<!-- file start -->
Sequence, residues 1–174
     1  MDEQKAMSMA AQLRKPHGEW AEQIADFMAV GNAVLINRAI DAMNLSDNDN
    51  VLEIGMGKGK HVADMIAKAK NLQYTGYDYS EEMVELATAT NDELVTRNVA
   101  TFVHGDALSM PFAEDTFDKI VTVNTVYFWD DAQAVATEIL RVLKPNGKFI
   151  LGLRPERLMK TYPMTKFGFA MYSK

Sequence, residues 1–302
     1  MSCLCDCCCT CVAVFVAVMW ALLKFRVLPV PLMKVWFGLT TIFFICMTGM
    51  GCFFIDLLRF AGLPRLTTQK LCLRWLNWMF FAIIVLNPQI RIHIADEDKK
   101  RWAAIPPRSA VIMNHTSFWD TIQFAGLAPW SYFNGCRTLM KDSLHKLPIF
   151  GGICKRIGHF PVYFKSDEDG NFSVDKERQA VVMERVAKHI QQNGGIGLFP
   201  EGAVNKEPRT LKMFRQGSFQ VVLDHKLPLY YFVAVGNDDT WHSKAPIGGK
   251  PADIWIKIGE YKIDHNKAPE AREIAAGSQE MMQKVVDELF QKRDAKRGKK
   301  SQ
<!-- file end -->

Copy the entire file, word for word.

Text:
Sequence, residues 1–174
     1  MDEQKAMSMA AQLRKPHGEW AEQIADFMAV GNAVLINRAI DAMNLSDNDN
    51  VLEIGMGKGK HVADMIAKAK NLQYTGYDYS EEMVELATAT NDELVTRNVA
   101  TFVHGDALSM PFAEDTFDKI VTVNTVYFWD DAQAVATEIL RVLKPNGKFI
   151  LGLRPERLMK TYPMTKFGFA MYSK

Sequence, residues 1–302
     1  MSCLCDCCCT CVAVFVAVMW ALLKFRVLPV PLMKVWFGLT TIFFICMTGM
    51  GCFFIDLLRF AGLPRLTTQK LCLRWLNWMF FAIIVLNPQI RIHIADEDKK
   101  RWAAIPPRSA VIMNHTSFWD TIQFAGLAPW SYFNGCRTLM KDSLHKLPIF
   151  GGICKRIGHF PVYFKSDEDG NFSVDKERQA VVMERVAKHI QQNGGIGLFP
   201  EGAVNKEPRT LKMFRQGSFQ VVLDHKLPLY YFVAVGNDDT WHSKAPIGGK
   251  PADIWIKIGE YKIDHNKAPE AREIAAGSQE MMQKVVDELF QKRDAKRGKK
   301  SQ